3 Transitions you Need to Serve your Clients Better


I occasionally wonder what young lawyers think they are getting in to when they commence their legal education.  Is it the same as when they hit the ground in a legal career?

Certainly, television hasn’t done us any real favours here – the TV attorney is about as close to real legal practice as General Hospital was to the medical profession.

One of the critical distinctions between TV land and real legal practice, however, is the critical focus on clients.  That’s what I’m going to explore today – maybe it requires a shift in mentality on your part, but I encourage you to read on, as grasping this fundamental premise is the only way you are going to be a successful lawyer.

TV Isn’t the Only Source Of Young Lawyers’ Misconceptions

Think about your university education for a moment.

What subjects did you do (or are you doing)?  I imagine that you, like most, have done subjects in contract law, personal injuries (torts), a bit of constitutional law, equity, family law,  maybe taxation.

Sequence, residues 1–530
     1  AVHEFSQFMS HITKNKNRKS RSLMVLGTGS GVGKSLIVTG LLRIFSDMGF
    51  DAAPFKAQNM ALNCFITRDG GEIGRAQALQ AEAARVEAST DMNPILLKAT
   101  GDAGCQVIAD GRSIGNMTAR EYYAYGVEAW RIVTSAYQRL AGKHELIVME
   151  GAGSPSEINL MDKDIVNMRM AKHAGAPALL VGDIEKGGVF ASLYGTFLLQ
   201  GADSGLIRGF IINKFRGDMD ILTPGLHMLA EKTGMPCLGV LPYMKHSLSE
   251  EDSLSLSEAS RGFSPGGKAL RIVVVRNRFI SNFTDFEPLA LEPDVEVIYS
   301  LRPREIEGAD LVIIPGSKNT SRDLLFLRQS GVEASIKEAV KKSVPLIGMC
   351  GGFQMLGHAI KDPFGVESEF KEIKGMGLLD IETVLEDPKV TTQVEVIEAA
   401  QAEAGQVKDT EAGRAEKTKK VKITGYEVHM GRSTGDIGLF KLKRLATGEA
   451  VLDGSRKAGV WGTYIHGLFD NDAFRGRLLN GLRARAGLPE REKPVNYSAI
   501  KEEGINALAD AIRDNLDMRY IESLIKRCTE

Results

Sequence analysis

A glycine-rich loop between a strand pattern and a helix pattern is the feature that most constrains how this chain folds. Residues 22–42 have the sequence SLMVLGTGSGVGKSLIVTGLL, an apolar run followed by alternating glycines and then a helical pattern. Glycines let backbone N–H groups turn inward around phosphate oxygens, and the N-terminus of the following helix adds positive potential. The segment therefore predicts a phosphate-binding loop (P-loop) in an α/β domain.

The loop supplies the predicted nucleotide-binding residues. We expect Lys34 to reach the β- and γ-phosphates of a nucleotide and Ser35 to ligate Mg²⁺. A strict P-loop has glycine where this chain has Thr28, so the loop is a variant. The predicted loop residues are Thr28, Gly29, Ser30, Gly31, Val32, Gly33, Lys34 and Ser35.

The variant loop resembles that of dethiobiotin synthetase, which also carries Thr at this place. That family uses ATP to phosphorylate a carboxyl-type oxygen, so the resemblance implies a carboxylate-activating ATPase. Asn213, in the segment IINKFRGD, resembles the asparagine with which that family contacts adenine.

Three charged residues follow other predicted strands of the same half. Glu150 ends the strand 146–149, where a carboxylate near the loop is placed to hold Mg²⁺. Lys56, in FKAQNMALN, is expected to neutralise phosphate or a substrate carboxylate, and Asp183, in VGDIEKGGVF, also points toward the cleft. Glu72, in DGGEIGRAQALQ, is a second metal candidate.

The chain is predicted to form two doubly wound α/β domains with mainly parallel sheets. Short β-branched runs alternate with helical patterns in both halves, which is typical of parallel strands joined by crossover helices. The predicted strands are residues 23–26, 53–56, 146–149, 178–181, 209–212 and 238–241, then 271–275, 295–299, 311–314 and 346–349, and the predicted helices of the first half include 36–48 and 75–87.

Out of the dozens of university subjects that you have available to you, how many of them relate specifically to clients?  Perhaps you did a small part of one subject about client interviews.  Maybe you had a “pretend” matter to run for a client.

But, by and large, our law degrees are skewed heavily against client focus.

As a result, the perceptions that young lawyers have of what’s important in legal practice are completely stuffed.  It’s not deliberate, of course – we all know intellectually that lawyers have clients.

But because our day to day interactions are completely saturated with non-client activities, our brains are more trained to study law then they are to serve clients.  Perhaps it’s arguable that’s necessary at first (although I doubt it) – but either way, once you hit real world legal practice it needs to change.

Transition towards Client Service

This is really a transition that every law student and young lawyer needs to go through.

It’s a paradigm shift – you go from operating in the headspace that your job is to excel at the law, to a new mindset of client service.